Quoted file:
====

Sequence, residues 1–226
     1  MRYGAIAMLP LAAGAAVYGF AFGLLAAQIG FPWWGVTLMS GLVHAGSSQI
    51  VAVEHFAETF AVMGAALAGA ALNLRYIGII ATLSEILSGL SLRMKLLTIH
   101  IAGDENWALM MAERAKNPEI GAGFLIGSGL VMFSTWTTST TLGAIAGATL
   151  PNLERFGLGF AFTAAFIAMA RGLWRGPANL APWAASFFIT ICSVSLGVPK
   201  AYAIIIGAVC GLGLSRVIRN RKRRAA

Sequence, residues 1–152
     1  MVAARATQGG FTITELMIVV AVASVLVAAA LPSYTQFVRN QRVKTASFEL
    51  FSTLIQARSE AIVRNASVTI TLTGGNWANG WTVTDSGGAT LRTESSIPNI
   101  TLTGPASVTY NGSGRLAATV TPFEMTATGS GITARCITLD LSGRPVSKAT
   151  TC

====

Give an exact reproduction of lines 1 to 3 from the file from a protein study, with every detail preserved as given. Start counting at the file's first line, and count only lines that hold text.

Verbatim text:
Sequence, residues 1–226
     1  MRYGAIAMLP LAAGAAVYGF AFGLLAAQIG FPWWGVTLMS GLVHAGSSQI
    51  VAVEHFAETF AVMGAALAGA ALNLRYIGII ATLSEILSGL SLRMKLLTIH